Who cares what shareholders think? The UK Takeover Panel doesn’t. Not according to Richard Buxton, head of strategy at Jupiter Asset Management, who wants better disclosure from the market regulator.
“I thought the Takeover Panel was insistent that bona fide approaches to companies from credible firms with access to resources were disclosed to the market,” Buxton told Sky News. “Recent examples would suggest this isn’t the case, with takeover approaches emerging in the media only after several such offers have been received.”
Part of the problem is that he’s wrong. The Panel has an assumed duty to keep companies honest but its operations manual, The Takeover Code, makes no such claim. Nevertheless, the remarks touch on a growing disquiet about the Panel’s light-touch approach, which some feel sidelines investors to favour the coterie of merger and acquisition advisers who play their overly mannered game by its rule book.
What helped foment opposition was a string of shadow bids for FTSE-listed companies. Equiniti, which provides of share registration services, was on the receiving end off several approaches from Siris Capital that became public only after the US private equity house turned hostile. GardaWorld of Canada took the same strategy with an offer for security contractor G4S last year after having had two offers privately rejected. Signature Aviation, the jet servicing group, reportedly received more than ten approaches from two rival bidders in the nine months before it revealed their offers last December.
At the heart of the issue is Rule Two of the Code, which defines the conditions around what needs to be said by whom. It assumes total secrecy unless and until the predator makes firm its intention to bid. Absent leaks and suspicious share prices moves, disclosure to the market becomes mandatory only after the “firm offer” qualification is met.
Contrary to popular belief, “firm” is not a synonym for “serious”. Directors are allowed to keep to keep fully-funded approaches from credible parties secret for as long as the firm commitment to bid is absent. That’s why, whenever outed by a leak or the expended patience of the predator, they will tend to justify previous silence by emphasising the uncertainties being taken into account.
For example, Equiniti stressed that its latest approach from Siris was a “highly conditional non-binding proposal” that was “subject to a number of preconditions including completion of detailed due diligence and arrangement of debt financing”. Siris disagreed, saying it was confident in putting together a formal offer by the end of a 28 day deadline that was triggered automatically by its breaking of cover.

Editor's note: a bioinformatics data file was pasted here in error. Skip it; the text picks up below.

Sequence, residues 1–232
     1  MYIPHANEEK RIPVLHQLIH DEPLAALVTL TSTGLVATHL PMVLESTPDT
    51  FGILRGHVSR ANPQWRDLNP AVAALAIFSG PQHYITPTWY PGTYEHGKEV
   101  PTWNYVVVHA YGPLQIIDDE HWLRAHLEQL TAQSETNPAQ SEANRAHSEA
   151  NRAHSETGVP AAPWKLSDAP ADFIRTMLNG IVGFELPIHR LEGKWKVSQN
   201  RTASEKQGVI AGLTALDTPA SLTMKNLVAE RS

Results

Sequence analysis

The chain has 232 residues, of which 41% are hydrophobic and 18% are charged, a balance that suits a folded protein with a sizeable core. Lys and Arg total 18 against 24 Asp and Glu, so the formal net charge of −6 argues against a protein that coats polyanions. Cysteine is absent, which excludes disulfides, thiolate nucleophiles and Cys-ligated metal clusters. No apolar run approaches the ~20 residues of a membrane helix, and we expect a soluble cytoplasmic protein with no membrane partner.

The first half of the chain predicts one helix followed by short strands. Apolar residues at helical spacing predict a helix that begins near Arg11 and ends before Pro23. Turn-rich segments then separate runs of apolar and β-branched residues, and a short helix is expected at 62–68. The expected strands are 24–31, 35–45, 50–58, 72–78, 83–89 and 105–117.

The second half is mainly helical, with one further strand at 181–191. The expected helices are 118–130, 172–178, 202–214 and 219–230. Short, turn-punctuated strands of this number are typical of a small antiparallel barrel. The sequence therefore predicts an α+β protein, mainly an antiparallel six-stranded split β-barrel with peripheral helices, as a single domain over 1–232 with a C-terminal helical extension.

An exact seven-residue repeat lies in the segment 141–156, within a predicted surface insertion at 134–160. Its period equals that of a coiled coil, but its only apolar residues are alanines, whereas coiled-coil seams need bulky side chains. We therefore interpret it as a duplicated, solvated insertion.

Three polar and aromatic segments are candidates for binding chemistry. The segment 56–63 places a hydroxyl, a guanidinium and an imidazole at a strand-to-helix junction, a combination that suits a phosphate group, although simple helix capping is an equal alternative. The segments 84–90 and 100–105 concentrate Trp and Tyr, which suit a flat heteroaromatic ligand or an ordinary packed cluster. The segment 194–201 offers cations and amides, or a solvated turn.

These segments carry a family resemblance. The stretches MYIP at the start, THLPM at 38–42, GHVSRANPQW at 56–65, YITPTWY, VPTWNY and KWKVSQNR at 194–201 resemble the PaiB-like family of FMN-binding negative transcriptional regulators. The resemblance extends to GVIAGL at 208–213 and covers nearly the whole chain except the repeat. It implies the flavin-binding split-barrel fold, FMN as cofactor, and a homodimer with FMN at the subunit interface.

Most offer talks never reach this pinch point. The vast majority exist in a purgatory state where any mis-step risks stalling the process. Advisors balance the inconvenience of triggering the deadline required by a public disclosure with the option to secretly pause talks, a trick provided for in the Code that they call going pens-down.
The incentive to keep shareholders in the dark is considerable. Pausing and staying silent about a leak sets a cooling-off period on any new bid at three months, whereas backing out in public bars the offerer for at least six months.
One of the first tasks for Ian Hart, the UBS banker who will be taking over as director-general of the Panel in July, will be to review these rules. There’s room for improvement, but recent events make an unconvincing case for a wholesale rewrite. Most of the failings that riled investors could have been fixed by more liberal use of the Panel’s existing powers to force a statement to stem rumour and speculation, or to prevent the creation of a false market. Taming false markets has become a priority, but The Panel doesn’t exist solely for the enrichment of shareholders. Its rules were drafted to minimise the disruption bids cause to a business, not to force transparency for transparency’s sake.
Shareholder groups will argue, claiming that they own the company, yet the legal rights afforded by equity give them no authority to define how an underlying business is run. When it comes to preliminary and putative takeover approaches, their right to know is no greater than that of any other stakeholder.
Who cares what shareholders think? The UK Takeover Panel doesn’t, at least not much, and long may it continue.